The insider music biz controversy this week involves the Megaupload song. This is a song created by the popular crowd file-sharing site that features some musical celebs endorsing the service. This is controversial because it’s widely known that there are often many files on the site that are pirated.
Universal Music Group (UMG) ordered YouTube to pull the video over copyright restrictions because its artists were performing on it without their permission. Megaupload claimed they had all the footage cleared and threatened to sue UMG. Recently, the video came back on YouTube after they sided with Megaupload on the ownership. Watch the video for yourself here:
Now, I’m not here to debate the ethics of Megaupload nor whether UMG overreached in their takedown relationship with YouTube. What interests me is that this may actually turn into an interesting case on sampling and at what point a sample turns into a song.
At this point, given what is known publicly, I’m going to make some assumptions that I don’t have confirmation of. It appears that Megaupload was able to get interviews with celebs including Kim Kardashian, Serena Williams and Kanye West where they endorse the site. Given the pushback that Megaupload gave to UMG, I assume that these interviewees signed artist release forms that gave the site permission to use that footage in promotional videos without further compensation. These are standard agreements for artists to sign in these situations. UMG generally has control over the usage of the artist when they are singing/performing, but not over interview footage. As such, Megaupload would likely be correct in their assertion of ownership.
However, some of the interview samples were altered to fit rhythmically and musically to the instrumental backing track. In my opinion, this would include Will.I.Am’s appearance at the beginning as well as Chris Brown, Diddy & Lil’ Jon’s appearance at the bridge. While spoken word has been altered to fit a musical composition for decades now (groundbreaking group Tackhead first comes to mind), this is the first instance I can think of where interview footage of major musical artists privately-owned by a company was altered into a musical composition. This opens up a Pandora’s box of questions:
If the broad clearances for interview footage do allow for alterations into musical compositions, might many media outlets (such as Entertainment Tonight or CNN) now be able to create songs from stars without further compensation to said stars?
If it could be determined that these sampled portions are part of the musical composition, wouldn’t the artists (Will.I.Am, etc.) be entitled to songwriting credit? As such, wouldn’t they be able to block the song since they would have to approve first use? I would doubt that Megaupload had clearance so broad to allow for blanket first use permission prior to creation of a musical composition. If the artist would receive songwriting credit, then presumably they would profit from the YouTube exploitation as well.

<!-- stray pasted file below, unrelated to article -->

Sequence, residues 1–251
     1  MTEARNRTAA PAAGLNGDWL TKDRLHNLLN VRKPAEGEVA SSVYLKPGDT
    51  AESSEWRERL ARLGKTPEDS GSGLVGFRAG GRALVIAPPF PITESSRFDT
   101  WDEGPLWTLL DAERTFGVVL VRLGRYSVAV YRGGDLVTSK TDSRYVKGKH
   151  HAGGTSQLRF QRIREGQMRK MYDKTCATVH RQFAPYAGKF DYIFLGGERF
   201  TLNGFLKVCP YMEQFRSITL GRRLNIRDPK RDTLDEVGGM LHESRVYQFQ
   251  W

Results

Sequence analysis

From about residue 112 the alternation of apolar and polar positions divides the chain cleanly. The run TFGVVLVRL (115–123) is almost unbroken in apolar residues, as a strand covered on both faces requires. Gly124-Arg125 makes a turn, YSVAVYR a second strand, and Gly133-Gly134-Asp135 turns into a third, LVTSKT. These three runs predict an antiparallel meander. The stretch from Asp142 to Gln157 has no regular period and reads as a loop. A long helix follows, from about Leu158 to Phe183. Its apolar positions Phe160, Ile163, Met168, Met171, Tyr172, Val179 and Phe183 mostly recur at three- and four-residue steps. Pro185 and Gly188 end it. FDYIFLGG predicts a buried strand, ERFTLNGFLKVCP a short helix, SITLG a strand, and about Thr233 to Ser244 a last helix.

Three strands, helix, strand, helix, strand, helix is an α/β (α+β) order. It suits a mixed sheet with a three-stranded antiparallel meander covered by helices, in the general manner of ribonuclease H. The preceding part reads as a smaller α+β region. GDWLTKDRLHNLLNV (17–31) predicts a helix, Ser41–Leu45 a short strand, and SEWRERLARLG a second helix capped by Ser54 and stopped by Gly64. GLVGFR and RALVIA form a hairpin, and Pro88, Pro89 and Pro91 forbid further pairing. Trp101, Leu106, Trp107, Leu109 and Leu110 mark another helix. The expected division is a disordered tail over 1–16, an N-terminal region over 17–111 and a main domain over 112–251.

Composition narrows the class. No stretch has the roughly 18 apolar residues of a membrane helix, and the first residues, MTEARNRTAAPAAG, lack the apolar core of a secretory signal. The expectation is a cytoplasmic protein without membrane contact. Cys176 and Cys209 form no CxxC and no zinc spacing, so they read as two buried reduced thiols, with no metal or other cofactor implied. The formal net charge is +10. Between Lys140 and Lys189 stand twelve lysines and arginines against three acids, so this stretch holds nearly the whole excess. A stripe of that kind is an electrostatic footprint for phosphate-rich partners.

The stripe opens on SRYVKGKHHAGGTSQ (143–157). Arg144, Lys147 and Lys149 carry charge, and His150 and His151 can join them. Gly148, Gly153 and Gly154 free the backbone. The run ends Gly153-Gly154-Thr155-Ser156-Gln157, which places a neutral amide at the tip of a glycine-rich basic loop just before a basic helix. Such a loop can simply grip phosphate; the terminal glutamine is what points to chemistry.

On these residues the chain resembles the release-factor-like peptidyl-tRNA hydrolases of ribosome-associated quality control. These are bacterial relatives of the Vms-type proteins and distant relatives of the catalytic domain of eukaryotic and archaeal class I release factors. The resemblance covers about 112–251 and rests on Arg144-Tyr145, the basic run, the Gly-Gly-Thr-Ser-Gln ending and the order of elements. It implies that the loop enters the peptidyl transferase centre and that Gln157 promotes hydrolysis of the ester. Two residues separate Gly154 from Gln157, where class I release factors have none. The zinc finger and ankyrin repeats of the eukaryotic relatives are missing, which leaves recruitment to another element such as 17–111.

If these portions are indeed to be found as musical works, wouldn’t UMG’s takedown claim prove to be true as their exclusive contracts with their artists would supersede the artist’s own signature with Megaupload? If they are not musical works, can we expect a rash of altered samples of speech by musical artists to become legal for stream and sale? And if so, how would payments work given the above questions regarding songwriting credit/royalties?
Will this change the dynamic of the artist release agreements all major media outlets utilize? Will they now have to be altered to give the artists some comfort that the footage would not be used for musical compositions?
Sampling in general has been a game of testing the limits ever since it was first implemented in the music business. I’m not really taking a position either way on this issue because I get the value in both sides of the argument. What will be interesting is the outcome as I presume it will have some lasting impact on songs to follow.
I know there are many sampling and free speech experts who read this blog and have far more expertise than I do on this subject. What are your thoughts?
UPDATE (12-19-11): Today, the agreement form with Will.I.Am leaked online and can be found here. The language is typically broad and standard. While I’m not a lawyer, there is certainly reason to side with Megaupload because the language is so broad to cover all the examples mentioned above. If so, then they’ve screwed the pooch for themselves and others as now you’ll likely see many music biz pros taking a fresh look at these agreements and refusing many of these reaches. Of course, there’s a confidentiality clause that’s obviously now been breached. I would presume Will.I.Am did not do the breaching, so could that now make the agreement null and void?